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Day old chicks or POL?

(13 Posts)
SimLondon Wed 26-Feb-14 21:36:44

So im looking to get a few 3/4 more hens and am wondering whether to go for POL - easy to look after, easy to gradually introduce to existing 3 - can live outdoors next to existing hens etc etc

Or cute fluffy day old chicks that the toddler will like? and keep them apart from the others for 4/5 months. How many breeds have autosexing chicks? How long before day old chicks can live outside? or does it depend on the time of year / outdoor temp?

many thanks :-)

cazzybabs Wed 26-Feb-14 21:39:40

day old chicks may turn out to be cockerels

MisForMumNotMaid Wed 26-Feb-14 21:42:38

Or go for a mother hen with chicks at foot. Or buy an incubator and some eggs.

Legbars are an attractive sex at hatching breed. Nice blue eggs too.

Faverolles Wed 26-Feb-14 21:43:32

I would go for POL personally.
Far more straightforward and less likely to be distressing for dc.

The normal brown hybrids are auto sexing, and some (but not many) main hatcheries will sell small numbers.
Cream legbars are auto sexing. Some others are, but I think they tend to be obscure crosses.
RIR x LS are auto sexing.

Chicks need heat for the first few weeks then gradually out as they feather up. They are lovely to have, but it is upsetting if something goes wrong.

Faverolles Wed 26-Feb-14 21:44:59

Only go for a mother with chicks if you're prepared to deal with at least 50% being cockerels.
I hatched out over 30 last year and only had 6 girls!

polkadotdelight Wed 26-Feb-14 21:45:23

Cuckoo maran bantams are autosexed. You could choose pullets and have middle ground?

Bramblesinforrin Wed 26-Feb-14 22:13:28

Pol. Day old chicks need special care and equipment.

SimLondon Wed 26-Feb-14 23:03:09

Thanks - i was thinking of cream legbars - i've had cream legbar crossed with something hybrids before. I've also had a maran before and it never laid and bullied the others so although i like the idea of the darker eggs im a bit put off marans.

So i could get autosexed day old girls - actually I could live with one or possibly two boys if a mistake happened, but Faverolles! 6 girls in 30 - how?

And they would have to start off indoors underheat and gradually go outdoors and in 5 or 6 months have a careful introduction to the others.

The other thing is - i have a very stupid cat, he is not a threat - in fact only yesterday he showed no interest in a baby field mouse, but if the chicks caught the odd glimpse of him would it be very stressful for them?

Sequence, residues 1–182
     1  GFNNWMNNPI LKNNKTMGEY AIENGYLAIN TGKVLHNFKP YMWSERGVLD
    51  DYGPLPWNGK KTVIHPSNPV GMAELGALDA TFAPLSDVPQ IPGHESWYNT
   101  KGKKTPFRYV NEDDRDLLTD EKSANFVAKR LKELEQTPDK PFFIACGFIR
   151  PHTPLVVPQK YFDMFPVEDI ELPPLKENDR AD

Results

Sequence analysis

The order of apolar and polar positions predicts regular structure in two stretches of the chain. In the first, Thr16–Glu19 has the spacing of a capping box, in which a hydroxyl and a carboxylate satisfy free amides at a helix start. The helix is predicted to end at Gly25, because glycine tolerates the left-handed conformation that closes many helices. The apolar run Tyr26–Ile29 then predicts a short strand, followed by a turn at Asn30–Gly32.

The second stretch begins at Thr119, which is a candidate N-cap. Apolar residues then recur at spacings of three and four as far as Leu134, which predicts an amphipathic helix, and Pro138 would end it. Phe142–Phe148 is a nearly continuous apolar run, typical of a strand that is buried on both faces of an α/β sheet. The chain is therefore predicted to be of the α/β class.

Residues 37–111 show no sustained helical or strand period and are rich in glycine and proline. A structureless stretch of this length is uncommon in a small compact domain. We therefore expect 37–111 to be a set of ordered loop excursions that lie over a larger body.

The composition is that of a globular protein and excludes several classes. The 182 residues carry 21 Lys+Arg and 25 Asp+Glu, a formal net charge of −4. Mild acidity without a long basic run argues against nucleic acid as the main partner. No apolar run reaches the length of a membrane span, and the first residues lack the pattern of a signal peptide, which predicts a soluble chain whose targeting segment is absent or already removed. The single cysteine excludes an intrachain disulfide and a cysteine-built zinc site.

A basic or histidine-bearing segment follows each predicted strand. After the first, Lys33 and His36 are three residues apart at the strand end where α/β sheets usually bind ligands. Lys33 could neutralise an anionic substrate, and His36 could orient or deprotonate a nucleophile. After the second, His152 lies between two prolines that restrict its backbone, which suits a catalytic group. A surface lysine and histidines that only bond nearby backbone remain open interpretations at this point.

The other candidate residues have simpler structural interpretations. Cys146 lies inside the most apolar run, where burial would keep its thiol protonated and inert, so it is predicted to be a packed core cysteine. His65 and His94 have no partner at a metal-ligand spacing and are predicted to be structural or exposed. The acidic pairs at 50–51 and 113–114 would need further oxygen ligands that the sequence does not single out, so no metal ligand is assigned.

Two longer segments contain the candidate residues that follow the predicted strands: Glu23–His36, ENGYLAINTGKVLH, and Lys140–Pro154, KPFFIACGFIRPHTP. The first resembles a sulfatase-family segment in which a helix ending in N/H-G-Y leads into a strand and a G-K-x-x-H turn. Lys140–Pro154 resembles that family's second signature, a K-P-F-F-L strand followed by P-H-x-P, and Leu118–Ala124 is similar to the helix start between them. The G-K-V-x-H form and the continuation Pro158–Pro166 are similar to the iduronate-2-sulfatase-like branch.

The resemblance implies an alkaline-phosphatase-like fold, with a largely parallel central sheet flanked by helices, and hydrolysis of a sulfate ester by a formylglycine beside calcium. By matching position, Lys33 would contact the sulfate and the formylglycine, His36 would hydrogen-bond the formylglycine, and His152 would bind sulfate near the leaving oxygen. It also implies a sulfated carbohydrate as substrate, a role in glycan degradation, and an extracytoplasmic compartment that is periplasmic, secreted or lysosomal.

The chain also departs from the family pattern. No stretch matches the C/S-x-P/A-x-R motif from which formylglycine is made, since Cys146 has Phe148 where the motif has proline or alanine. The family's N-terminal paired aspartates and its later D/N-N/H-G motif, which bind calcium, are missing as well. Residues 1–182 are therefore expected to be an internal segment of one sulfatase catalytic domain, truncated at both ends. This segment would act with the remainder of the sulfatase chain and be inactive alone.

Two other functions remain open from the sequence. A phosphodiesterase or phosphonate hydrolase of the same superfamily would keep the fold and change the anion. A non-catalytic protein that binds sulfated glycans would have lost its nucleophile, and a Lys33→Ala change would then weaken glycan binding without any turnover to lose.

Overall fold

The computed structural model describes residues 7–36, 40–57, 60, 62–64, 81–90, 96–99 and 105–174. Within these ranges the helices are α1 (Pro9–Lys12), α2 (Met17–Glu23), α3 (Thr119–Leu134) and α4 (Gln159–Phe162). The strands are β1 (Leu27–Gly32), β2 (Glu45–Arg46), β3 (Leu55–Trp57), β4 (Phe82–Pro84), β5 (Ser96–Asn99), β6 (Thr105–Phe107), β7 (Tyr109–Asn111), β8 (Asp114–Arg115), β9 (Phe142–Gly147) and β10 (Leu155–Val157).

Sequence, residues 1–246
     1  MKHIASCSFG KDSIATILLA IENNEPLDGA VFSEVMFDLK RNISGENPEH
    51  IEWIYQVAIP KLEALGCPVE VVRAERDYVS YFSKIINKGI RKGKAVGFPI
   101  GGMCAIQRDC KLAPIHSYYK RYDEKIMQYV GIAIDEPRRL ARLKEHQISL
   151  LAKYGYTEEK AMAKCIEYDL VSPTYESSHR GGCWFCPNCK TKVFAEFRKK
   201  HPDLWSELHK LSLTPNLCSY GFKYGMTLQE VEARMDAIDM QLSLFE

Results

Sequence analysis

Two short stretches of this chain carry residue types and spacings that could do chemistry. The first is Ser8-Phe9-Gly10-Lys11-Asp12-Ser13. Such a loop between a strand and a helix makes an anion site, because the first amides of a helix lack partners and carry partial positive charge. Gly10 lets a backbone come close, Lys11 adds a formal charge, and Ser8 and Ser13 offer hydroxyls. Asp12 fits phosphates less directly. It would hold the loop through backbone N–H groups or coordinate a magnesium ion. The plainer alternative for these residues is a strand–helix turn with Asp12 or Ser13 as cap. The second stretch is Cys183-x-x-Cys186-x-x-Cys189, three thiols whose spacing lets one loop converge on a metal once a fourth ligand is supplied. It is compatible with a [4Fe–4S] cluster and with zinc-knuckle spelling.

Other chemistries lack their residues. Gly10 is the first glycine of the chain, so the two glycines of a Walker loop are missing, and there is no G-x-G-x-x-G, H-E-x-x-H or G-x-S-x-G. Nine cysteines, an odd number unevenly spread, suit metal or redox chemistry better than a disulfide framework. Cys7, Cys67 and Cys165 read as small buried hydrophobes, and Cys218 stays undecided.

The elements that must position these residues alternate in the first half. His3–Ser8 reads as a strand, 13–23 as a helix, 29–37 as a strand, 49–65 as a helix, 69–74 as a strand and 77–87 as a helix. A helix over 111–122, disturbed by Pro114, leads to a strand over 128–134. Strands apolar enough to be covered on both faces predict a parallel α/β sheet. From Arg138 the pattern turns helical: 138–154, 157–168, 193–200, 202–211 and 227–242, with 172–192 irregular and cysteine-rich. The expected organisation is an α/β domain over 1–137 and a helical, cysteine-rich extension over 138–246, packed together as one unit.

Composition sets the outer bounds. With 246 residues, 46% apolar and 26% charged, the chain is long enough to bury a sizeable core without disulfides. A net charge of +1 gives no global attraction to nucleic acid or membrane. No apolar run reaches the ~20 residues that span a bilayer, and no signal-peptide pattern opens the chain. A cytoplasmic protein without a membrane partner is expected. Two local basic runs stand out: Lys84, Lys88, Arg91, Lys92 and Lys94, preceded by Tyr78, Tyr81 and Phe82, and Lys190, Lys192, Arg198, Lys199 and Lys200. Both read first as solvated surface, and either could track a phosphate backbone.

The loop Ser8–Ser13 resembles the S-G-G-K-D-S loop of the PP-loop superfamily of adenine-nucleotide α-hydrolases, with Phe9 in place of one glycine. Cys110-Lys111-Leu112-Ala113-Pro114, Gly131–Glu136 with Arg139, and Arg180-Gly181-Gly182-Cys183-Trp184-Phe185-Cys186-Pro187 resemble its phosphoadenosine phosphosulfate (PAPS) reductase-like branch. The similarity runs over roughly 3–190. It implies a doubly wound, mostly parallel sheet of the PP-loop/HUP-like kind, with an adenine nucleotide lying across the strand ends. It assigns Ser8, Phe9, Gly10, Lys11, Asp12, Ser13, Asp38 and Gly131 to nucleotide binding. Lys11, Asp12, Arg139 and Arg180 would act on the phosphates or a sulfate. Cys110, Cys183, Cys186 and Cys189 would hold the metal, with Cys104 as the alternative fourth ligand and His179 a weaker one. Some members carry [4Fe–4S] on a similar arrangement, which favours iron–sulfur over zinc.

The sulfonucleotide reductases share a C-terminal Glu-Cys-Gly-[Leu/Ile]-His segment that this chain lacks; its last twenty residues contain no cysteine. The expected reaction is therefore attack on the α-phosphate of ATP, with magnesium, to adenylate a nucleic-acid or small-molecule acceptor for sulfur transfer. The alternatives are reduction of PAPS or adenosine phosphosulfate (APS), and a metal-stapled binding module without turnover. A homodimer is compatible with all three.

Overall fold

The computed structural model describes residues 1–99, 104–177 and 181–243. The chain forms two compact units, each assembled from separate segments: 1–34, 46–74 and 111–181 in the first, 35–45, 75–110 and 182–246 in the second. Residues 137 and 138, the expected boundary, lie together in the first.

Bramblesinforrin Thu 27-Feb-14 08:17:15

We hatched under broodies and had two cats. Also had a 60% male hatch! but as most of the chicks then went to my friend's hill farm that was ok as no cockerels then roaming our garden crowing at all hours!

We kept the chicks well away from the cat and the broody would have attacked anything.

My friend hatched chicks in an incubator and kept them under a lamp but in something like a hamster cage so that the cat couldn't get in at them.

Bramblesinforrin Thu 27-Feb-14 08:18:02

Once our chicks left their mum, we had to watch out for the local buzzards and strays - they had a separate Eglu and run in our garden, so we're protected from predators.

MisForMumNotMaid Thu 27-Feb-14 14:58:47

As a brooder I've used a giant box with a chicken wire/ mesh sheet lid and a red 60w light bulb on one of those 99p light fitting diy clamp things you get in the bargain stores. I've done this for quail, ducks and chicks. I used to use cardboard but eventually got a giant ikea plastic storage box on wheels from bargain corner. I've gone on to use a playpen with chicken wire wrapped around it in a shed for the ducks when we had late snow and they had the bulb on at night.

They will be fully feathered by about six weeks and if its mild can be outside in the daytime, and if its summer overnight.

I found the best way to introduce was to put the young birds in a small pen within the free range area of the older girls. After about a week i'd let the young girls out free range for a few hours to familiarise themselves with the space then let the older ones out. As pecking order establishment needs to happen I usually go for adding a handful of spring greens into the
run.

SimLondon Thu 27-Feb-14 20:39:03

Thankyou very much MisForMumNotMaid - so i don't need to spend a lot on equipment, and with autosexing chicks (barring the odd mistake) I could be ok :-)

MisForMumNotMaid Thu 27-Feb-14 20:55:31

I should mention that I've kept the box in the house. A 60w bulb for day olds in a shed at this time of year wouldn't be enough.

If you watch youtube and look at DIY brooders you'll see how the chicks are very good at telling you if they're warm enough. They all huddle if they're too cold. You can just fix the bulb closer down to them, for quails because they're so much smaller i fixed the bulb clip initially on a smaller box on its side within the bigger box.

If you search on ebay you can see the very DIY brooder packages people put together that you could do just as well yourself.

Theres lots of ideas for using a slit cut out of a juice bottle as an early drinker rather than buying a chick drinker.

If you get the bug for having baby birds in your kitchen hatching out quail is great fun. There is always demand for the male birds as people with aviaries use them to eat spilt seed on the cage floor so you can sell them for a nominal amount and keep the girls for eggs.

My favourite is definitely hatching ducklings though. Ducks look at you as they hatch with these enormous eyes from under a wet mop of feathers. They have a funny tooth on their beak that they use to pip (chip their way out the shell).

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